Even if you’ve never heard of intercropping, there’s a good chance you already practice it to some extent. Have you ever tucked slim, shallow-rooted leeks among your carrot rows? What about tucking a quick arugula crop between slower-growing squashes and cucumbers?
If you’ve played around with companion planting in close quarters, you’ve entered the lush world of intercropping.
All About Intercropping
Let’s get some basic definitions out of the way. Intercropping is the technical term for the practice of planting two or more crops in close proximity. Doing this successfully requires a bit of additional focus on companion planting. This is to ensure your plants aren’t hoarding resources, or attracting all the wrong insects.
With that definition, it’s easy to see why this is an attractive option for gardeners with limited space. Instead of devoting a whole bed to cucumbers, you can fill in gaps with carrots or potatoes. In fact, if done well, intercropping can double your garden’s efficiency. Basically, you can grow two or more crops in the same space!
This is an exciting concept, even if you have acres of land to work with.
Why Haven’t I Heard of This?
If this is you’re first exposure to the term intercropping, you’re not alone. Most gardeners never hear about it unless they start looking into permaculture methods. The world of permaculture can feel like a new frontier, and the terms that pop up as you navigate it are often intimidating.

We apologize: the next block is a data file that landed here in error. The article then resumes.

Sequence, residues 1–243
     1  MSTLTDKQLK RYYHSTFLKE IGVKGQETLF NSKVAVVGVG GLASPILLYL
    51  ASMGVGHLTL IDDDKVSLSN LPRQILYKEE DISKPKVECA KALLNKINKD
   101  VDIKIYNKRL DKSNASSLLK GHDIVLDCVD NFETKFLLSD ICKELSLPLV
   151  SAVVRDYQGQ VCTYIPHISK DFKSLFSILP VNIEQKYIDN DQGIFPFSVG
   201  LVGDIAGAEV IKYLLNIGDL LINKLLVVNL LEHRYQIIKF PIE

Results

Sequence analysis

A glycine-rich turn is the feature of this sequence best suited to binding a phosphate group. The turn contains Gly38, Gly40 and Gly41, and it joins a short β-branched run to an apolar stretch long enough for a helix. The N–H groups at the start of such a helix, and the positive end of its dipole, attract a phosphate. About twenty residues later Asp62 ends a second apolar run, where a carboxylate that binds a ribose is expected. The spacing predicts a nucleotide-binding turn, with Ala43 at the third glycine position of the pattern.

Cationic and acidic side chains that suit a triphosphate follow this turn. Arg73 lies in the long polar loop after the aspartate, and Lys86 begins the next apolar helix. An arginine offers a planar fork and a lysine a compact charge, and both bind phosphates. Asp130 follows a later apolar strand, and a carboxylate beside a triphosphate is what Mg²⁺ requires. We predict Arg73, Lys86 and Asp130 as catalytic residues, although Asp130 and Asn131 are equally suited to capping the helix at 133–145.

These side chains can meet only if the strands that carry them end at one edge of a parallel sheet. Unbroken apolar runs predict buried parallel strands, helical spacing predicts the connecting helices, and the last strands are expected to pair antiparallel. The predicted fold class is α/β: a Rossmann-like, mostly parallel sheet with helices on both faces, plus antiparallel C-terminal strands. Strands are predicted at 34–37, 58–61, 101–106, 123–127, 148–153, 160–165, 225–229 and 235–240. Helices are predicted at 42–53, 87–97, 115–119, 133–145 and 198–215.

But don’t worry. You don’t have to dive into permaculture to practice this type of multi-purpose gardening. You don’t even have to understand the term in order to grow plants in a shared space. Permaculture’s vocabulary can be helpful, but ultimately not necessary to grow food successfully. You’ve got this!
If you’ve been on the outside of permaculture jargon, come on in. I’ll help you feel confident as you learn.
Intercropping with Intention
Alright, so with basic definitions out of the way, lets take a closer look at intercropping. A great initial introduction to the concept is the traditional Three Sisters method.
Meet The Three Sisters